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Q&A: Krisi Smith, founder & creative director of Bird & Blend

Ahead of her speaking slot at Omnichannel Futures, here we interview Krisi Smith, founder and creative director of tea mixology retailer Bird & Blend, to find… View Article


Q&A: Krisi Smith, founder & creative director of Bird & Blend

Ahead of her speaking slot at Omnichannel Futures, here we interview Krisi Smith, founder and creative director of tea mixology retailer Bird & Blend, to find out the secrets of her success.

You founded Bird & Blend with Mike Turner nearly a decade ago. What’s your background prior to that?

Throughout school I got good grades but I felt the pressure of being pushed to university and further academia. I’ve always been creative and I knew I wanted to get into something more meaningful. After I left school and moved out, I worked for a year doing multiple odd jobs to save money so I could go travelling. When I arrived home, I went to university to study politics, psychology and philosophy, and also became captain of the boat club in my final year – an experience that definitely shaped my management style. Once I graduated, I ended up working lots of different jobs, including in a bank, customer service, retail, and hospitality. I eventually decided to go to Canada and train to be a ski instructor, which is where Mike and I started planning Bird & Blend.

I had 36 jobs before the age of 23, and I frequently found myself getting into trouble due to my inquisitiveness. These experiences helped me realise that if I wanted to be happy, I would have to do something myself and build a culture where others could be happy too. With Bird & Blend now over 10 years old, it’s clear that my previous jobs provided me with fundamental learnings I still carry today; from customer service, to management, and exposure to different types of people.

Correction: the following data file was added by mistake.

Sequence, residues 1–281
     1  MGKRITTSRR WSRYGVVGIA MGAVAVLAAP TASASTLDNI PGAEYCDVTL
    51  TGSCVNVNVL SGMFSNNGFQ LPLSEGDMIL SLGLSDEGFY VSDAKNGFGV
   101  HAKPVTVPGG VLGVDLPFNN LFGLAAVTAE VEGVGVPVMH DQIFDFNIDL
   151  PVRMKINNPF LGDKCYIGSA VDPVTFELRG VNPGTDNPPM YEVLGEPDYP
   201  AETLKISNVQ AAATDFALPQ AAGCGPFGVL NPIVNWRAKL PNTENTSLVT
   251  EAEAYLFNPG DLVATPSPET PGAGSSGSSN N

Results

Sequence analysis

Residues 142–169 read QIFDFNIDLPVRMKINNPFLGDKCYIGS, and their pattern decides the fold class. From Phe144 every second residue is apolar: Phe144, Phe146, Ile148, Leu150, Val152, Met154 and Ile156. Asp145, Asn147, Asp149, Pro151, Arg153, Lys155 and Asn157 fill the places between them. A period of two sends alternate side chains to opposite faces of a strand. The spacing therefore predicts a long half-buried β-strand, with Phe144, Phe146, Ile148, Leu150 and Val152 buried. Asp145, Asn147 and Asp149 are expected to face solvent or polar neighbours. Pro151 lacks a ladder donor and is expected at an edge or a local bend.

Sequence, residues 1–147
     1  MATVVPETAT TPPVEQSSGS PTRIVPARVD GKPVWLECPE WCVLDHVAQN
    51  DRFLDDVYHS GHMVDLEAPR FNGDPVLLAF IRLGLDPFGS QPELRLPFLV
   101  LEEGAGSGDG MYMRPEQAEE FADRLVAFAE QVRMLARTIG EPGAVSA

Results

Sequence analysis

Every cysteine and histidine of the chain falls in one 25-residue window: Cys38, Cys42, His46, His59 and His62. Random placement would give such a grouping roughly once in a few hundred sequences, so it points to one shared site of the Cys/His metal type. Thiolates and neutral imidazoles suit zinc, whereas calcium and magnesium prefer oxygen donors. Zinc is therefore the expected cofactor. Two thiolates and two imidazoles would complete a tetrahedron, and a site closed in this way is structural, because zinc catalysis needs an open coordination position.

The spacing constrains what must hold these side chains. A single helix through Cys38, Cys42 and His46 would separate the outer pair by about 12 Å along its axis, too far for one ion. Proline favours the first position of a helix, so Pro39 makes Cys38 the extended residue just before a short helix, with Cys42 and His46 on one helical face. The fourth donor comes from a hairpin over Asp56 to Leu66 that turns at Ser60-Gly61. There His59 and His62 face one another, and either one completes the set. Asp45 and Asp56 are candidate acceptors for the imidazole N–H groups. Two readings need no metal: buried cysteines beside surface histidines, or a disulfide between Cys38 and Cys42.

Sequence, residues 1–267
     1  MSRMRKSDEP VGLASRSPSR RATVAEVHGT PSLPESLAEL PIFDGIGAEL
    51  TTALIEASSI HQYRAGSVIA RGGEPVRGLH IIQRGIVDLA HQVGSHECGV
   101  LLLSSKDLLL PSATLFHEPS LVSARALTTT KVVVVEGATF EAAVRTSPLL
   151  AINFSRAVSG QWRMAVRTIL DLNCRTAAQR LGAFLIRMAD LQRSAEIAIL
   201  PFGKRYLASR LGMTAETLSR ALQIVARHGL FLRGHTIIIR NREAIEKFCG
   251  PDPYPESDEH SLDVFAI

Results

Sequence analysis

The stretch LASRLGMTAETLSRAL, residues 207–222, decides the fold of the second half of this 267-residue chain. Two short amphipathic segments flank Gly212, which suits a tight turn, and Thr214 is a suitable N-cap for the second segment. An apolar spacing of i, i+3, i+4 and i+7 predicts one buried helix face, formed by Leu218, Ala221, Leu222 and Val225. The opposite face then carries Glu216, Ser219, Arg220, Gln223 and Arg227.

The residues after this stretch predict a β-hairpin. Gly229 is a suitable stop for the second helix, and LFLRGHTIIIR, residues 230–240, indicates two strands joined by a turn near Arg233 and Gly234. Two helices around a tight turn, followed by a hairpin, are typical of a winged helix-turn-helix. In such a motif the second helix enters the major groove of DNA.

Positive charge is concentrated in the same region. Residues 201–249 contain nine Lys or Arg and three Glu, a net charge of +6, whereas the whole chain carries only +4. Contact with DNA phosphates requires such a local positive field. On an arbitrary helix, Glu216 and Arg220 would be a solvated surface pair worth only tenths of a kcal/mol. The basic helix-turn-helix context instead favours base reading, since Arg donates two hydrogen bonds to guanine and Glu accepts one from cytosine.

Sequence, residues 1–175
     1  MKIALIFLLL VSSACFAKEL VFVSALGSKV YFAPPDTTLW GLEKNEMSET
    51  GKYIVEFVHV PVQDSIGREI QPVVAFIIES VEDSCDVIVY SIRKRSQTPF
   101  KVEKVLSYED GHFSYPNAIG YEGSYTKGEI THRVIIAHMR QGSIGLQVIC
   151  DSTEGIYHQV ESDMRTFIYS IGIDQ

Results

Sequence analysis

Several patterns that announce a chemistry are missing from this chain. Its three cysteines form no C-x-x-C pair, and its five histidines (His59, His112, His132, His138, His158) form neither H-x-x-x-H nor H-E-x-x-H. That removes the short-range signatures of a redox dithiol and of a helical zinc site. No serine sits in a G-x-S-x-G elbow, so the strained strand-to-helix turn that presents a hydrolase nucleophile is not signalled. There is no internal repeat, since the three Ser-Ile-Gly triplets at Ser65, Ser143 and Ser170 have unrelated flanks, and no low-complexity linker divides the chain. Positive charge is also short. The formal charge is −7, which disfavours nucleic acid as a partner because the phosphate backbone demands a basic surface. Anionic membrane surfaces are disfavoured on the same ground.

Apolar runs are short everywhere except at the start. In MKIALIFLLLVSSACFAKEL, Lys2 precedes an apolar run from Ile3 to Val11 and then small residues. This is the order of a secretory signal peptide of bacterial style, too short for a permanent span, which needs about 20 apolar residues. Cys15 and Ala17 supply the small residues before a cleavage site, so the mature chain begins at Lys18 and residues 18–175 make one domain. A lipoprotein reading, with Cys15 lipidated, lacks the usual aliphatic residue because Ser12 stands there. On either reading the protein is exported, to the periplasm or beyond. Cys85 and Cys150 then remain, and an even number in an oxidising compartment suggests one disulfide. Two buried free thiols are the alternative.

Why did you decide to set up a “tea mixology” company?

While I was in Canada, I ran out of money, and so I began working for a tea company called David’s Tea. I started on the shop floor and progressed up to blending and training. It didn’t take long before I wondered why tea mixology hadn’t already been done on a large scale in the UK, as I found there were three main categories of tea back home – a touch on the elitist side, health based, and traditional. I wanted to create the middle-ground – the exciting, creative side.

After three months of planning in Canada, which started with a shared vision jotted down on a piece of paper in a pub, I agreed with Mike, my co-founder, to come back home for six months and give the business a shot. Our first aims were to create a business with “no waste” and serious “environmental responsibility”. We started with no formal training for management or tea. I found my previous jobs came in handy, such as when I learnt how to code as an admin assistant in a library.

Like many entrepreneurs, we faced scepticism at the start, but we kept listening to feedback and built up a loyal following. We moved to Brighton to open our first retail store, where we used the basement to pack the tea, and then started onboarding more staff after the first few years.

What’s your role in the business?

Until last year, my day-to-day role predominantly rested within the brand department. But I now head up our product team, which involves creating blends and working on product development. I love creating new blends – it’s a job that really tests my creativity – and I’m very passionate about the physical side of retail. Being able to create consumer products which promote an engaging retail experience such as specially blended tea is a joy.

While product and branding is my bread and butter, I’m also the co-founder of the business and handle other areas of the business such as strategy, KPIs, P&L, having a handle on the analytics and helping out with projects that need to go over the line.

Bird & Blend has a very innovative range of products. How do you keep the level of innovation so high?

Our customers are hugely passionate about the blend flavours that we create and they always want more! We also create seasonal and collection blends alongside our main tea wall blends. These limited edition blends are often incredibly popular and true fans are always asking us when we’re going to bring certain teas back. We now have over 100 different blends, but the combinations are endless so we’re always excited to see what we create next.